Jade also comes with an existing R&D facility, highly experience staff and existing government grants to help fund other of the pipeline candidates. The purchase price equates to approximately $3.2M (~$2.9M worth of stock plus $300k assumed liabilities) and EYEG will pay another $2.2M (cash) upon FDA approval/clearance of a Jade candidate. All in, this equates to approximately 4% of the annual estimated U.S. market of just the PCED indication. And this implies a no-cost option for all of the other potential indications ($1B plus market, ~$200M of which might be lower-hanging fruit) of JDE-003 as well as for the other pipeline candidates (i.e. corneal protection, bacterial keratitis) and the opportunity to expand into other areas.

We think the JDE-003 program could be fairly fast moving given the existing safety data and that the FDA regulatory pathway is expected to follow that of a device. While it may be a PMA pathway (as opposed to 510(k)), the FDA clinical program could potentially be a relatively small Phase 2 study, followed by a larger (n = 100 or 200) Phase 3 study. While this is just speculation on our part, we should know more following the anticipated FDA meeting in Q3.

We have incorporated JDE-003 into our model and using similar methodology of that for EYEG’s legacy product candidates. If all goes well we think JDE-003 could reach the market sometime in 2018. We use a 50% probability of successful launch in the U.S. and, similar to the deal with Valeant for EGP-437 for the anterior uveitis indication, assume EYEG out-licenses marketing rights. But, given that we are modeling that EYEG assumes all R&D risk, we assume a much higher royalty rate of 20% (versus “high single digits” with Valeant for EGP-437). We think there could be several interested licensors, which could include Valeant but also Allergan and Novartis. We are modeling single-digit penetration through 2022. These, however, are early assumptions and very likely to change as more information becomes available – with the most significant near-term information expected to relate to the FDA pathway and scope of requisite clinical studies.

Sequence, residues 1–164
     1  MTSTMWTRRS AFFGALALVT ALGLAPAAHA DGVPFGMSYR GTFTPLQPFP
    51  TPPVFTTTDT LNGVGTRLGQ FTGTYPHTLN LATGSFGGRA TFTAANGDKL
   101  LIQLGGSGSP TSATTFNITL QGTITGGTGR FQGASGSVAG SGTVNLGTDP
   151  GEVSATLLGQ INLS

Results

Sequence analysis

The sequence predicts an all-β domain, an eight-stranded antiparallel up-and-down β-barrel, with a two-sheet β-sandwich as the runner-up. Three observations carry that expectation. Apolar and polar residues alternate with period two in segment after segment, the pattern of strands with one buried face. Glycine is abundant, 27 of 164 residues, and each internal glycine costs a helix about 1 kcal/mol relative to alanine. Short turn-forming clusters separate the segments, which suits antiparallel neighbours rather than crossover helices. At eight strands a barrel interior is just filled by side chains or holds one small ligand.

We initiated coverage of Eyegate in February. We cover the company with a Buy recommendation and $6/share price target. See below for free access to our updated 28-page report on the company which includes our financial model and valuation methodology.

READ THE FULL RESEARCH REPORT HERE

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  • EYEG will pay up to $300k of Jade’s liabilities

  • EYEG will issue ~766k common shares to Jade, 90% which were issued at closing with the other 10% to be issued 18 months later (EYEG shares closed at ~$3.80 prior to the announcement = ~$2.9M)

  • An additional $2.2M in cash is payable upon receiving FDA approval of a Jade product candidate

  • Persistent corneal epithelial defects (PCED)

  • Following photoreactive keratectomy (similar to LASIK)

  • Moderate-to-severe dry eye

  • Following diabetic vitrectomy (eye surgery to remove vitreous gel)